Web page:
Euro Rises for Second Week Versus Dollar Before Greek Election

The euro strengthened against the dollar for a second week as investors pulled back on record bets against the currency before the Greek election tomorrow that may determine whether the nation remains in the bloc.

The 17-nation currency rallied amid speculation central banks may provide aid to financial markets after Spain last week became the fourth euro member to seek a rescue. The yen strengthened against the dollar after the Bank of Japan refrained from expanding monetary stimulus that debases the currency. The dollar fell versus major peers as weaker U.S. growth added to the case for further monetary stimulus from the Federal Reserve at its policy meeting next week.

“Most investors think the outcome is likely going to be a coin toss,” said Joe Manimbo, a market analyst in Washington at Travelex Global Business Payments, a currency-exchange network, referring to the Greek elections. “That leaves open the prospect for a positive outcome. Consequently, we’ve seen investors really scale back on some of those deeply bearish bets against the single currency.”

The euro rose 1 percent to $1.2638 this week in New York trading, after gaining 0.7 percent last week. The shared currency was little changed at 99.49 yen. The dollar lost 0.8 percent to 78.73 yen, reaching 78.61, the lowest level yesterday since June 6.

Futures Bets

Hedge funds and other large speculators pared their bets on a drop in the euro against the dollar from a record high, Commodity Futures Trading Commission data showed yesterday. Futures traders decreased net euro short contracts to 195,187 in the week ended June 12, the figures showed yesterday. They reached a high of 214,418 the week ended June 5.

New Zealand’s dollar was the biggest gainer this week among the 16 major currencies tracked by Bloomberg. It rose 2.3 percent to 78.81 U.S. cents.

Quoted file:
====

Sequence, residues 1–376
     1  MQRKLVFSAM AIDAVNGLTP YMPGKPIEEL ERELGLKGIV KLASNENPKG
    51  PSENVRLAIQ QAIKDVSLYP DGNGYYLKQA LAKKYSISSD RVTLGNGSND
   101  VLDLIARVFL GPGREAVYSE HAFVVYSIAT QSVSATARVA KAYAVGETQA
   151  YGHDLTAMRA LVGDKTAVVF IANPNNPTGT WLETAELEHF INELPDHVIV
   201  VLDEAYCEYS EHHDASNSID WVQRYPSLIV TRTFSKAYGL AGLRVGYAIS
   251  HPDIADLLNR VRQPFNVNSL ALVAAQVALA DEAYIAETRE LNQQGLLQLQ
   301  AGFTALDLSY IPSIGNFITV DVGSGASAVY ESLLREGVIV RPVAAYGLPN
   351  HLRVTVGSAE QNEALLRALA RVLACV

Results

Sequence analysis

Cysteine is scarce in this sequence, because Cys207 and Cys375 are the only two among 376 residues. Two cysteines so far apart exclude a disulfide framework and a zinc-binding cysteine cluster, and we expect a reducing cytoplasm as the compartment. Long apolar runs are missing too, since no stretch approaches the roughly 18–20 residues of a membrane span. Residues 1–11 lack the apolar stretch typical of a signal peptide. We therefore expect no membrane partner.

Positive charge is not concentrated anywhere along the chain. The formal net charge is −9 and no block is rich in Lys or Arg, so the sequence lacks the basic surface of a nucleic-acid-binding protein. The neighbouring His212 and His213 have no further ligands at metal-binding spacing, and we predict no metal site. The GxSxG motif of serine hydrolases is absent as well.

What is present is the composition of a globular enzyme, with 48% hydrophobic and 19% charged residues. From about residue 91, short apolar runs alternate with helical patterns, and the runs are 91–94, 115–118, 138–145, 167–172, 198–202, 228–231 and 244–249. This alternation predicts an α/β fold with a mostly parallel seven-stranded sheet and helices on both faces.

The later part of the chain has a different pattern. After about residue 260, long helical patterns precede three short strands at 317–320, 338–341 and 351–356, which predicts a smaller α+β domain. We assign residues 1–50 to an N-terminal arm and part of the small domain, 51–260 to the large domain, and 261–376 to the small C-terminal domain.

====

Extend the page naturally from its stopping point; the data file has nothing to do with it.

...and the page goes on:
The Reserve Bank of New Zealand held its benchmark interest rate at 2.5 percent. Governor Alan Bollard said the exchange rate is more comfortable than March and signaled he expects to hold the 2.5 percent official cash rate till mid-2013.

Brazil’s real was the weakest performer among the major currencies, falling 1.3 percent to 2.0509 per dollar. It reduced its loss after the government pared back a tax on overseas loans as part of a bid to stem the currency’s three-month slump.

The real has lost 9 percent this year, the worst performer among 25 emerging-market currencies tracked by Bloomberg.

The euro has appreciated 2.2 percent against the dollar this month, after falling 6.6 percent in May. The median year- end estimate for the euro is $1.25, according to more than 50 economists and strategists surveyed by Bloomberg.

Market Stress

European central banks may coordinate action in an effort to provide liquidity to the markets, Reuters reported, citing officials linked to the Group of 20. Ministers will hold a conference call to discuss the Greek election outcome June 17, Reuters said.

European Central Bank policy makers have overcome a key concern about taking the benchmark interest rate below 1 percent, two euro-area central bank officials said.

The likelihood that such a move would also involve cutting the rate the ECB pays banks on overnight deposits from 0.25 percent is no longer an obstacle for a majority of the Governing Council, said the officials, who spoke on condition of anonymity because the deliberations aren’t public. A rate cut isn’t certain, the officials said.

Greece Votes